1. What profound themes might naturally arise?
2. Do you have any quotations or prayers that you plan to share?
Guidance – Spiritual Attributes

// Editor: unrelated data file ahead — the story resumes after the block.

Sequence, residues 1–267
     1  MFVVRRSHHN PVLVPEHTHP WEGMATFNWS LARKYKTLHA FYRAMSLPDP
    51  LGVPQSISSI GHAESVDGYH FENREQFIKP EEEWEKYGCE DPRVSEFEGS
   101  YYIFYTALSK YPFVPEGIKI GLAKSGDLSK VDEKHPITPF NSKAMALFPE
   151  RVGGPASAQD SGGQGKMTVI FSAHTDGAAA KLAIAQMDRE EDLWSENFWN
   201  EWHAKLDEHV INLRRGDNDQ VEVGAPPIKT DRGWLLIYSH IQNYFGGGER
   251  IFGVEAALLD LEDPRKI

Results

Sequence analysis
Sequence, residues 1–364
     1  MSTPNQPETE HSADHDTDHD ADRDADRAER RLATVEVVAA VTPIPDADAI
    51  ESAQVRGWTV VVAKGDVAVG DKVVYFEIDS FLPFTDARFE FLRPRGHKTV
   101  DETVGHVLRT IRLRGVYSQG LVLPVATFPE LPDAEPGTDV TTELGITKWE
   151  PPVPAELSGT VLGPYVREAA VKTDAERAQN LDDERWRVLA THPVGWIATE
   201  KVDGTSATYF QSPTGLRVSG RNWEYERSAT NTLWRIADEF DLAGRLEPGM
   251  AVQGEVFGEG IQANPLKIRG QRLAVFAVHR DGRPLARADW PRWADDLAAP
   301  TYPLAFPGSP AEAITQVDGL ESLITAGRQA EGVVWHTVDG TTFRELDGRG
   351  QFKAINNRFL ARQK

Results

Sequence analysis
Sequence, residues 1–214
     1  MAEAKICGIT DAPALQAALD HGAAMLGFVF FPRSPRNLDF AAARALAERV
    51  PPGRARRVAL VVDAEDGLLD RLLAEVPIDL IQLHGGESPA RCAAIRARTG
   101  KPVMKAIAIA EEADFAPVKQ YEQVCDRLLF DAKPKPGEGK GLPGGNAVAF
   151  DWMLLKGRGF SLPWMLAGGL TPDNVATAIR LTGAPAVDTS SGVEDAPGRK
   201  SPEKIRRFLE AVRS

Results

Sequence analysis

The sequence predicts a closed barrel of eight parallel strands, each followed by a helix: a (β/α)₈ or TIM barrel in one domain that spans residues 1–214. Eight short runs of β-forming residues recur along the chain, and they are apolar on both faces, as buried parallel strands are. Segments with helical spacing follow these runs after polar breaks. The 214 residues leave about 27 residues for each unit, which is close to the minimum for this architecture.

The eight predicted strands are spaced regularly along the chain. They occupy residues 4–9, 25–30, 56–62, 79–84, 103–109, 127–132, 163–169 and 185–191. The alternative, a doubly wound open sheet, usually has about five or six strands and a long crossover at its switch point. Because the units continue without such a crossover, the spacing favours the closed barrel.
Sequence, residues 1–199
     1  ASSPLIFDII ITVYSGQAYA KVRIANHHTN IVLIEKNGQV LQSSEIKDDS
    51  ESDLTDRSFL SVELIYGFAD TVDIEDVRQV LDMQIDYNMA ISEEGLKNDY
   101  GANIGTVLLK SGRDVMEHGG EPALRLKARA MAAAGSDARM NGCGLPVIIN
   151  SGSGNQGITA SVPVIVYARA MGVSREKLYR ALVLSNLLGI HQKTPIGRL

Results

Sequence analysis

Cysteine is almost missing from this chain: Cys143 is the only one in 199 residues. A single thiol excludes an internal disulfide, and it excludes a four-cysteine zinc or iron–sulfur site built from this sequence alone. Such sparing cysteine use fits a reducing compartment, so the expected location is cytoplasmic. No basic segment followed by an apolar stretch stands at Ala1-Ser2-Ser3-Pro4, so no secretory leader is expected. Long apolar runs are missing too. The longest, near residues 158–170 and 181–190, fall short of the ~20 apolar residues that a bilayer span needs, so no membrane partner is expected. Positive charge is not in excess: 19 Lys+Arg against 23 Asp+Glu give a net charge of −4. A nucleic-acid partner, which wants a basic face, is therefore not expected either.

“Ultimately, the power to transform the world is effected by love, love originating from the relationship with the divine, love ablaze among members of a community, love extended without restriction to every human being. This divine love, ignited by the Word of God, is disseminated by enkindled souls through intimate conversations that create new susceptibilities in human hearts, open minds to moral persuasion, and loosen the hold of biased norms and social systems so that they can gradually take on a new form in keeping with the requirements of humanity’s age of maturity. You are channels for this divine love; let it flow through you to all who cross your path. Infuse it into every neighborhood and social space in which you move to build capacity to canalize the society-building power of Bahá’u’lláh’s Revelation. There can be no rest until the destined outcome is achieved.” Universal House of Justice, 22 July 2020 message